Wyoming Reopens Dormant Clergy Sex Abuse Case

Sep 27, 2018
Originally published on September 29, 2018 7:00 am

Following the release of the Pennsylvania Grand Jury report detailing decades of sexual abuse by clergy, there has been a nationwide call for action and accountability. But in many states prosecutors have run out of time to press charges.

There are just a handful of states with no statutes of limitations for child sexual abuse crimes. One of them is Wyoming, and that's given the Diocese of Cheyenne and the police there a chance to reopen an old case.

Back in 2002, a victim called the Cheyenne Police Department to report that a former bishop, Joseph Hart, had sexually abused him in the late 1970s. Hart had served as Bishop of Cheyenne from 1978 to 2001. But the victim was reluctant to do a full interview with police. After a three month investigation, the district attorney cleared Hart, saying there was no evidence.

Steven Biegler, the current Bishop of Cheyenne, says for too long those in power have controlled the conversation. When he became bishop in Wyoming a little over a year ago, he immediately launched an investigation into the unresolved allegations against retired bishop Hart.

"There was no resolution of guilt or innocence and so we felt that clarity needed to be found," said Biegler.

That investigation led to new evidence and Biegler pushed for police to reopen the case. He says his faith guides his actions.

"The church has a mission to protect and to heal the least."

That approach has met resistance from those who see Hart as a beloved figure. The 87 year old served as Bishop of Cheyenne for over 20 years and still lives in town. Hart's lawyer declined to comment for this story, and he advised his client to do the same.

Earlier allegations against Hart

Yet Wyoming isn't the only place Hart has faced allegations.

The Kansas City-St. Joseph Diocese in Missouri has already paid out settlements to victims who say Hart abused them when he was a priest there. But he's never been criminally convicted. Biegler says a previous Cheyenne bishop even tried to get the Vatican to take action against Hart.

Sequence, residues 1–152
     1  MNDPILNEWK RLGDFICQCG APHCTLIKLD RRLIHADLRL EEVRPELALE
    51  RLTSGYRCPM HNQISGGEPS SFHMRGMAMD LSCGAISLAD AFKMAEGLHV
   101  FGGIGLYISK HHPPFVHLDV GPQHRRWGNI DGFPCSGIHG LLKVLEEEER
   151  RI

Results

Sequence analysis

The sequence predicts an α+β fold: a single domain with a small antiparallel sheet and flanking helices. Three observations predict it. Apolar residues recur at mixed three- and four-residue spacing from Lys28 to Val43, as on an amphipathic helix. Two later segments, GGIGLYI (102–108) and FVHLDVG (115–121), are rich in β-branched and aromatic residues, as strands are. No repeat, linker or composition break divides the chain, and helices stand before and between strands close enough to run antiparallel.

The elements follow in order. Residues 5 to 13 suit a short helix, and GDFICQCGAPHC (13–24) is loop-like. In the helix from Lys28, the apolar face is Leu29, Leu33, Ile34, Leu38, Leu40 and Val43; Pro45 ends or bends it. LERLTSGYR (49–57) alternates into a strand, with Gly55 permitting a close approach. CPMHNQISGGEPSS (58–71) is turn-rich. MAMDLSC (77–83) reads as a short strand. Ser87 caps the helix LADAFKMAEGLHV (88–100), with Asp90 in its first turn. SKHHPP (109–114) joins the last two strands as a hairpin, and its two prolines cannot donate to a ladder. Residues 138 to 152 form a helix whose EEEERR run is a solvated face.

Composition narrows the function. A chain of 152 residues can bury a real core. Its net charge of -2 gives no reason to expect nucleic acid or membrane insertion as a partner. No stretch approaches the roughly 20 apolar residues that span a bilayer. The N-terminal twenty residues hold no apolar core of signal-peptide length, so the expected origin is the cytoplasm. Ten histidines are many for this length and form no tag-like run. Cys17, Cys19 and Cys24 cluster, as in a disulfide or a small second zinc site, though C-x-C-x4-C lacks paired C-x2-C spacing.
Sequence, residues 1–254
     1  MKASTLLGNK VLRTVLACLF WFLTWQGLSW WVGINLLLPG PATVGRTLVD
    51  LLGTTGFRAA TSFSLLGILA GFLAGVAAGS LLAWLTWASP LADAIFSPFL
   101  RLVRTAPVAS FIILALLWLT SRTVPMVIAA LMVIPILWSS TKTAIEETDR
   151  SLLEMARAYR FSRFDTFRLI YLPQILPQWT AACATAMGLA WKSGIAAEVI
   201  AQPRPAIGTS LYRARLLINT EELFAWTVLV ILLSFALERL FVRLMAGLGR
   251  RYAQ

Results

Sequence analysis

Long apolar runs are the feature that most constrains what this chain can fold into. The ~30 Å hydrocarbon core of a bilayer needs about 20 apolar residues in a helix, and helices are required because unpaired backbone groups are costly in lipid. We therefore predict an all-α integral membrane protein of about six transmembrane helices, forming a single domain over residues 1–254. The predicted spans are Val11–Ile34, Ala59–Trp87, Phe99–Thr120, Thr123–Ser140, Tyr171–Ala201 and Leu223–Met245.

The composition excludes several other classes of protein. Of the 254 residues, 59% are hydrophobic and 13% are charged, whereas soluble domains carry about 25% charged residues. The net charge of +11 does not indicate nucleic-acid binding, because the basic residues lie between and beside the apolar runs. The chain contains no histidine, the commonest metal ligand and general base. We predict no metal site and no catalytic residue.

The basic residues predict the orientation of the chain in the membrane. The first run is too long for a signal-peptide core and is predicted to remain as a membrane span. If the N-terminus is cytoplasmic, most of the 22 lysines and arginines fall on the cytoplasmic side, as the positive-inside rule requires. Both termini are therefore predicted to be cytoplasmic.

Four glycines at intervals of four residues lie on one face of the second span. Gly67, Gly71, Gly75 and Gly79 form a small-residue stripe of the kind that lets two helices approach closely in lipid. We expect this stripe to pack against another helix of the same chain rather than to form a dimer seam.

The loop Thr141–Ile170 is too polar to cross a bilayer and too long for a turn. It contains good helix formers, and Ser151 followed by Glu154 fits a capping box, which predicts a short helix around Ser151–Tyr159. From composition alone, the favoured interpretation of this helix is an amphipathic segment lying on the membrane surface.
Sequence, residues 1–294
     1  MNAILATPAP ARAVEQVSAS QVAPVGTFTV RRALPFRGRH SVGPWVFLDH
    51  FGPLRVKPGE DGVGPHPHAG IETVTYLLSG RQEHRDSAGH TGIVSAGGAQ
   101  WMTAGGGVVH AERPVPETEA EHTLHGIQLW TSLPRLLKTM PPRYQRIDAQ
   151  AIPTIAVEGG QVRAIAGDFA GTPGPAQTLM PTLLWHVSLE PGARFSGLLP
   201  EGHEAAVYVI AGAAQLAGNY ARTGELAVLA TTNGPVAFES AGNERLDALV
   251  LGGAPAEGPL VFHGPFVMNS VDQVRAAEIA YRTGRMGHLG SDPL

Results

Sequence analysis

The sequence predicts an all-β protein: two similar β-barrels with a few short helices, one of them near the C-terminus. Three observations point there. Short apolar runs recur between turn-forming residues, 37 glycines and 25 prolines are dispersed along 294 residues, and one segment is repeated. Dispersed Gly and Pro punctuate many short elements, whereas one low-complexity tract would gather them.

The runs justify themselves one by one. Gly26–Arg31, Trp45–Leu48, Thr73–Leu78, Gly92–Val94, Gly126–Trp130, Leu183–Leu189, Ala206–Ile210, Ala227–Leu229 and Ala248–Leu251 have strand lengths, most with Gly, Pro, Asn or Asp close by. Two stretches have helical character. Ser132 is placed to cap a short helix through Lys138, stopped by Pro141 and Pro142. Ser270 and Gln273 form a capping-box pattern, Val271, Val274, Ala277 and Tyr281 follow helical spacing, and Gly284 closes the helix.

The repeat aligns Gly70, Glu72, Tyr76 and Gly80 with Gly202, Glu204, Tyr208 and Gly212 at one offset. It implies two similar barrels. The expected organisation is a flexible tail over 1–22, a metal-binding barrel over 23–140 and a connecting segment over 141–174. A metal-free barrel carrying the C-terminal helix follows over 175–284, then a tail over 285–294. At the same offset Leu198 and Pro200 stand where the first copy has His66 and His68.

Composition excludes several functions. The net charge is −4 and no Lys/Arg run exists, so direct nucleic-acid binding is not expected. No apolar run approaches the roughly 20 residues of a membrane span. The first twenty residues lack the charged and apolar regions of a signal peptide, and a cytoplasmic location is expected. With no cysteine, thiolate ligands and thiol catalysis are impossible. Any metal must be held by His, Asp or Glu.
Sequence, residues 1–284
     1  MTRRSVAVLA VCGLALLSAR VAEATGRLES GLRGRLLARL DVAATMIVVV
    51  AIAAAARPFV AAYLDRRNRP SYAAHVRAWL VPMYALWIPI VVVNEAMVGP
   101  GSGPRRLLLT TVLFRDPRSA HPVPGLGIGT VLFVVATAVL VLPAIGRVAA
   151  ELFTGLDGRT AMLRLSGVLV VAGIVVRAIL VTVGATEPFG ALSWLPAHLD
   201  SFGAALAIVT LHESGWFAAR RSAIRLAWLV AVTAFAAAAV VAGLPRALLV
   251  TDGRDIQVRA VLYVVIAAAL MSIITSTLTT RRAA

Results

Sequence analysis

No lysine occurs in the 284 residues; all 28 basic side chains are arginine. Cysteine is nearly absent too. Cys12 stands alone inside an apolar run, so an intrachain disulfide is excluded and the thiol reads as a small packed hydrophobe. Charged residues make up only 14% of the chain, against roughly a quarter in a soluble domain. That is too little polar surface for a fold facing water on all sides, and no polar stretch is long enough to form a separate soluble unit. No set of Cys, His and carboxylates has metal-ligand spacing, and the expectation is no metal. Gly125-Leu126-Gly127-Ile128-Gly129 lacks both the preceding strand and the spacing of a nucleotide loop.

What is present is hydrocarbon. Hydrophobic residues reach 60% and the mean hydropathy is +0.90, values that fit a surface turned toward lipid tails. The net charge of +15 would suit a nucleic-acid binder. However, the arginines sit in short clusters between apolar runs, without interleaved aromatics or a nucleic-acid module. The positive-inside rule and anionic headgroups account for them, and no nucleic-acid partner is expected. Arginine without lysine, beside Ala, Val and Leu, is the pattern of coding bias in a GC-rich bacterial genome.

"He actually wrote to Rome in 2010," Biegler says. "And asked them to open an investigation."

But that investigation seemed to trail off, Biegler says, when the Vatican learned that law enforcement in Wyoming had closed the case. For years the church and the criminal justice system seemed to be waiting for the other to make the first move. That is, until recently.

"Times have certainly changed. We're in a different era," says Kevin Malatesta with the Cheyenne Police Department. The case was reopened in July, and Malatesta says police are better trained to investigate adult disclosure of child sexual abuse than they were back in 2002.

"The police department certainly is listening. It appears the church here is listening as well," says Malatesta. Police says several additional reports have also come in over the course of the investigation, which is still ongoing.

"If anybody was a victim of these crimes, and either reported it and it wasn't taken seriously, or felt it wasn't taken seriously, felt it wasn't investigated . . . we want to know about it," he says.

Few states without statutes of limitations

Wyoming is one of seven states without statutes of limitations for felony and misdemeanor child sexual abuse crimes. The others are Illinois, Alabama, Delaware, West Virginia, South Carolina and Colorado. But Jeremiah Sandburg, the District Attorney for Cheyenne says even in states without time limits for prosecution, older victims still face cultural barriers to reporting and being believed.

"If it's a homicide case that went cold on us and it's now 20 or 30 years later the public doesn't seem to have any problem with us going after the murderers and saying 'now we have the evidence to get you,'" says Sandburg.

Sexual abuse cases, on the other hand, he says, are met with skepticism.

"In my mind I don't understand the difference. The difference is in one, the victim can't talk because they're dead and in the other they finally can."

For victims thinking about speaking out, current Cheyenne Bishop Steven Biegler recognizes that criminal prosecutions are a sign their voices are being heard.

"So it's a greater good that we are doing. Not just for the particular case at hand but to speak into the culture regarding this situation," says Biegler.